2. Mutual savings and Cooperative banks, Federal savings and loan associai ions, trust accounts and investment corporations, pension funds, insurance companies,^ and similar institutions and funds—not to exceed 10
percent of total resources.
3. Corporations organized for profit, and dealers and brokers—not to exceed
50 percent of net worth.
4. Individuals—not to exceed 50 percent of net worth or 100 percent of cash
deposited with subscription.
2. The Secretary of the Treasury reserves the right to reject any subscription,
in whole or in part, to allot less than the amount of certificates applied for, and
to close the books as to any or all subscriptions at any time without notice; and
any action he may take in these respects shall be final. Subject to these reservations, subscriptions for amounts up to and including $25,000 will be allotted
in full, and subscriptions for amounts over $25,000 wih be allotted on an equal
percentap^e basis, but not less than $25,000 on.any. one subscription. The basis
of the allotment will be publicly annouriced, and allotment notices will be sent
out promptly upon allotment'.
IV. PAYMENT

1. Payment at par and accrued interest, if any, for certificaties allotted hereunder must be made or completed on or before April 15, 1942,'or on later allotment. In every case where payment is not so completed, the payment with
application up to 10 percent of the amount of certificates applied for shall, upon
declaration made by the Secretary of the Treasury in his discretion, be forfeited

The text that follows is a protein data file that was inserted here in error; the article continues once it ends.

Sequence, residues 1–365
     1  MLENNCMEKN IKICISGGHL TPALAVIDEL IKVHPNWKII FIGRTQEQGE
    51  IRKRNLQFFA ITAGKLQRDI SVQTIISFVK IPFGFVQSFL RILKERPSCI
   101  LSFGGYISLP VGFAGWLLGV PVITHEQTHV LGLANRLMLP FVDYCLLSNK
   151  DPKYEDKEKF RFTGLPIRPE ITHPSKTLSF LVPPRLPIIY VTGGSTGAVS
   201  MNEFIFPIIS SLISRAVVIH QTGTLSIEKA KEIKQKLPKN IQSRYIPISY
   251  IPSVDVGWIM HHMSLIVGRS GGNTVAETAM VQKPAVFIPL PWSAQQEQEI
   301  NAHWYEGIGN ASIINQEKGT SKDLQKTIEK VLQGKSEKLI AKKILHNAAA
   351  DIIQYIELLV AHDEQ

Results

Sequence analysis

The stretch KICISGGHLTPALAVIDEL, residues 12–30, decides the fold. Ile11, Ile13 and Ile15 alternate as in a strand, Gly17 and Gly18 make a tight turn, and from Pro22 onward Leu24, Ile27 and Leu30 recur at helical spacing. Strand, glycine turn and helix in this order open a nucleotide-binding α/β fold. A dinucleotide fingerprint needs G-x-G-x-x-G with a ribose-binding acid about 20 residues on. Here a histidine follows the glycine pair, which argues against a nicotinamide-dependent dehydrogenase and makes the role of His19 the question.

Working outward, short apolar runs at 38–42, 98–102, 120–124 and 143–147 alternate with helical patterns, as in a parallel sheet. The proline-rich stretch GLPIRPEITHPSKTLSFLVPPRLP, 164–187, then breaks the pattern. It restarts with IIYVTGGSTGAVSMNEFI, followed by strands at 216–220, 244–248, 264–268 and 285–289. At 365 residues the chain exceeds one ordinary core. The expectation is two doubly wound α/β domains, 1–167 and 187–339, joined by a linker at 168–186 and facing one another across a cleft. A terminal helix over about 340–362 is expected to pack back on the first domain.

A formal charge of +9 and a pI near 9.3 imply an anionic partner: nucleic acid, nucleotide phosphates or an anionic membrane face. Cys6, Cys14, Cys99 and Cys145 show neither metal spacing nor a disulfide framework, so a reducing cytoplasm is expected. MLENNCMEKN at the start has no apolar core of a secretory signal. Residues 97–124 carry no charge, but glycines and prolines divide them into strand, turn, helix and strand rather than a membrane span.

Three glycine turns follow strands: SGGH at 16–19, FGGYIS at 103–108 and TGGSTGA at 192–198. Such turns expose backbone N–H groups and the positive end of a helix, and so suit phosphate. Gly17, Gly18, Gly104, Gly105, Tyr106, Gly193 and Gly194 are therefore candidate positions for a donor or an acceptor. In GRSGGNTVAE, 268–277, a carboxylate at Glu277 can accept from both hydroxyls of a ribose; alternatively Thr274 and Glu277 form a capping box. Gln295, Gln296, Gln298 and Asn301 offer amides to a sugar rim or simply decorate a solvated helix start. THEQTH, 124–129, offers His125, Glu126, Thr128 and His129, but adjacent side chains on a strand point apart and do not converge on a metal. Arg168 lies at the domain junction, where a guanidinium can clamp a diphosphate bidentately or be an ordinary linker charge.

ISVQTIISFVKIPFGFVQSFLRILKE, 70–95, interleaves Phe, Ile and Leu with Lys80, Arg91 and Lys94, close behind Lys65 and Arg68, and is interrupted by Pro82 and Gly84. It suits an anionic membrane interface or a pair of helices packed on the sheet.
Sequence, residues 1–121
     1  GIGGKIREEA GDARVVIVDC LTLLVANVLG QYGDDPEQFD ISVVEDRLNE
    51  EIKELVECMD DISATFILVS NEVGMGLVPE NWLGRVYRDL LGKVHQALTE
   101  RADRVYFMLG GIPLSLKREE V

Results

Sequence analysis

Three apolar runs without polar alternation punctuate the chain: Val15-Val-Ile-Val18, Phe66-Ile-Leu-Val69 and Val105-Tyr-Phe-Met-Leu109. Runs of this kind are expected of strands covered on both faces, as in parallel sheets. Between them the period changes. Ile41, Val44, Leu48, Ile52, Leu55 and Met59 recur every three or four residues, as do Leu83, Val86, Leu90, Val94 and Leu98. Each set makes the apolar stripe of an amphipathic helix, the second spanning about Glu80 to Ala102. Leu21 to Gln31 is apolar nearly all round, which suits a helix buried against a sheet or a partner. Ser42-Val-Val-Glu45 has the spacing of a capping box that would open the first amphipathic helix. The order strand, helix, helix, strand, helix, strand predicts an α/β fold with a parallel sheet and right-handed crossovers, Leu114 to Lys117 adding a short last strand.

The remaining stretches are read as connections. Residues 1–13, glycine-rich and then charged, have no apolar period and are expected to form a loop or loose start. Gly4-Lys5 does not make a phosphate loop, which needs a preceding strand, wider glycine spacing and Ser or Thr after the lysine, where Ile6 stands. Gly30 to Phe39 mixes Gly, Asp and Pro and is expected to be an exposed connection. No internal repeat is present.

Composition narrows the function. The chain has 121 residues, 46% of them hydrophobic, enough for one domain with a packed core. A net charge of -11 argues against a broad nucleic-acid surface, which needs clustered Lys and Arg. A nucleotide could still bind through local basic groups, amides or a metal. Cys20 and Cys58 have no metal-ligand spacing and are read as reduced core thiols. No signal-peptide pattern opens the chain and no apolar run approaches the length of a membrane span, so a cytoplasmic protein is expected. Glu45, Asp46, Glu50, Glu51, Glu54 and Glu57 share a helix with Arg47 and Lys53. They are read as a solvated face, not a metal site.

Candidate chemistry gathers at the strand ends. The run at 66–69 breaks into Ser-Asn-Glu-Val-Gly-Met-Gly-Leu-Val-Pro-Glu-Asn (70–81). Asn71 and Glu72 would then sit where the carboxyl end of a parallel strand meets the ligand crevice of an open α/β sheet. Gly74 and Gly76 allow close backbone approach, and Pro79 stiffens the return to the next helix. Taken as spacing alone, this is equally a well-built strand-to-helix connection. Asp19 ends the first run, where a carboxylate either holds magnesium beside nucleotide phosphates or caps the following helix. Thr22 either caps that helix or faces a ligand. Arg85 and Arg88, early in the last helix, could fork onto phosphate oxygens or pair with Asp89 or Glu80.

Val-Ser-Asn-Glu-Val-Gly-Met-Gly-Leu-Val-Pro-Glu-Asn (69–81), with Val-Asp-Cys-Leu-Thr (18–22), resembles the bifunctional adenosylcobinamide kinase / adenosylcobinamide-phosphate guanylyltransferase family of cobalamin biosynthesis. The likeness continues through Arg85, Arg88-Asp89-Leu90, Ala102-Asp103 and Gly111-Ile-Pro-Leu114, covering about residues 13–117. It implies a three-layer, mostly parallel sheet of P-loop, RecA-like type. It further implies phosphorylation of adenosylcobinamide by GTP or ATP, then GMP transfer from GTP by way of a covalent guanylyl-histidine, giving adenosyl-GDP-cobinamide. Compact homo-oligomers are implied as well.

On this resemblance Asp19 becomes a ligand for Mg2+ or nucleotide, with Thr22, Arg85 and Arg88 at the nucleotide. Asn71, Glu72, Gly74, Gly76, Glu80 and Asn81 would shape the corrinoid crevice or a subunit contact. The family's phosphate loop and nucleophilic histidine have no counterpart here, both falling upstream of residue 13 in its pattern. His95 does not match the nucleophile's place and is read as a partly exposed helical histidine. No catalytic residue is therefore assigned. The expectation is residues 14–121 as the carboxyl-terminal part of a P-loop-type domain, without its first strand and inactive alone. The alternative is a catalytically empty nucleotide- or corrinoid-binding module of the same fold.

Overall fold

to the United States. Any qualified depositary will be permitted to make payment by credit for certificates allotted to it for itself and its customers up to
any amount for which it shall be qualified in excess of existing deposits, when so
notified by the Federal Reserve Bank of its district.
V.° GENERAL PROVISIONS

1. As fiscal agents of the United States, Federal Reserve Banks are authorized
and requested to receive subscriptions, to make allotments on the basis and up



265

REPORT O'F T H E SECREITARY OF T H B TREASURY

t o t h e a m o u n t s indicated by t h e Secretary of t h e Treasury t o t h e Federal Reserve
B a n k s of t h e respective districts, t o issue allotment notices, t o receive p a y m e n t
for certificates allotted, t o m a k e delivery of certificates on full-paid subscriptions
a,llotted, a n d they m a y issue interim receipts pending delivery of t h e definitive
certificates.
2. T h e Secretary of t h e Treasury m a y a t any time, or from time t o time,
prescribe supplemental or a m e n d a t o r y rules a n d regulations governing t h e
offering, which will be communicated p r o m p t l y t o t h e Federal Reserve Banks.
HENRY

MORGENTHAU,

Jr.,

Secretary of the Treasury.
Exhibit 23
Subscriptions and allotments, Treasury certificates of indebtedness of Series A—1942
{from press releases, April 6, 10, and 16, 1942 0
On April 6, 1942, Secretary of t h e Treasury Morgenthau announced t h a t t h e
subscription books for t h e offering of }^ percent Treasury certificates of indebtedness of Series A-1942 closed a t t h e close of business April 6. Subscriptions
aggregated $3,062,250,000, of which $1,507,083,000 was allotted. Subscriptions
in a m o u n t s u p t o a n d including $25,000, totaling about $66,000,000, were allotted
in full. Subscriptions in a m o u n t s over $25,000 were allotted 48 percent, on a
s t r a i g h t percentage basis, b u t n o t less.than $25,000 on a n y one subscription, with
adjustments, where necessary, t o t h e $1,000 denomination. Subscriptions a n d
allotments were divided among t h e Federal Reserve districts a n d t h e Treasury
as follows:
redei:al Reserve
district
Boston
NewYork.
Philadelphia
Cleveland
Richmond
A florifq
Chicago
St. Louis.

Subscriptions
received

Subscriptions
allotted

$212,414,000
1, 724, 584,000
111, 799,000
150, 548 000